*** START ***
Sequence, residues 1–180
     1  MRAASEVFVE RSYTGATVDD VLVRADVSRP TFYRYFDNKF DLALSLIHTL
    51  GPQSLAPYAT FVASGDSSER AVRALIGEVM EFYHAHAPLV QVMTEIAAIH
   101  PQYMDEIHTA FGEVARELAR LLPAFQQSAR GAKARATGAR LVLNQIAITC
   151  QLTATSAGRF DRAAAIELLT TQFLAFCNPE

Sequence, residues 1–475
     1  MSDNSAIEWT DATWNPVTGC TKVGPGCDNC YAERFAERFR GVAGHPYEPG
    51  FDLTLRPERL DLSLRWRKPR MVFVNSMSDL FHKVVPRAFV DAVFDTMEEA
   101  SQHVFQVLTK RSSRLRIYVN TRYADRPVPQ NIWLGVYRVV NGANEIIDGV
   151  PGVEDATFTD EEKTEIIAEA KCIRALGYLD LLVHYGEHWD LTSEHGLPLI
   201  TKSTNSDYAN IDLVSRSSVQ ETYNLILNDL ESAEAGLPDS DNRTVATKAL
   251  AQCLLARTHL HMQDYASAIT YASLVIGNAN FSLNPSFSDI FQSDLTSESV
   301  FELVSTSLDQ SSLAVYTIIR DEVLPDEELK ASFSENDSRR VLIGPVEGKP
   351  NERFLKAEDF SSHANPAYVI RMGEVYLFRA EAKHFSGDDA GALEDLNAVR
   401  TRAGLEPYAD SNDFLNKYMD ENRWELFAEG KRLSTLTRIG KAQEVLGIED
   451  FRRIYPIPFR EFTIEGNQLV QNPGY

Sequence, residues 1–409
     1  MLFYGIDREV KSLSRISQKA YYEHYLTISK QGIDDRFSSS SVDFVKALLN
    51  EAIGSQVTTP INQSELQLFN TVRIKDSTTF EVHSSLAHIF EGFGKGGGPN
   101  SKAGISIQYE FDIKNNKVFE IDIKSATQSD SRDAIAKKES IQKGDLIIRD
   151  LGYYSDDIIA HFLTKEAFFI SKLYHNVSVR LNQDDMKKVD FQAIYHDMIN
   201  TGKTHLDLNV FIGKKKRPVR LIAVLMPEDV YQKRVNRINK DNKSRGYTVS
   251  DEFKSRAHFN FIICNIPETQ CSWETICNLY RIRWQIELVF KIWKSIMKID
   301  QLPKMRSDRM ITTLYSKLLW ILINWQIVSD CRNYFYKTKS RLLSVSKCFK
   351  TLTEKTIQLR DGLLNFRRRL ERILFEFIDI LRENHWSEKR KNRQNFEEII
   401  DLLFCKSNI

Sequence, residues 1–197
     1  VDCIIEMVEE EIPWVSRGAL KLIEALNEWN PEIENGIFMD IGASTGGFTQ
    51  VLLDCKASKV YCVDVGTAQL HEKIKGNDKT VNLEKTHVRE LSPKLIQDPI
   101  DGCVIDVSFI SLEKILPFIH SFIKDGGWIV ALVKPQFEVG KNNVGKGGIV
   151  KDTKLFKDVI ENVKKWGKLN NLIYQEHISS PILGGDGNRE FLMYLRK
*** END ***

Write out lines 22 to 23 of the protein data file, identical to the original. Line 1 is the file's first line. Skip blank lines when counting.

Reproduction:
   201  TGKTHLDLNV FIGKKKRPVR LIAVLMPEDV YQKRVNRINK DNKSRGYTVS
   251  DEFKSRAHFN FIICNIPETQ CSWETICNLY RIRWQIELVF KIWKSIMKID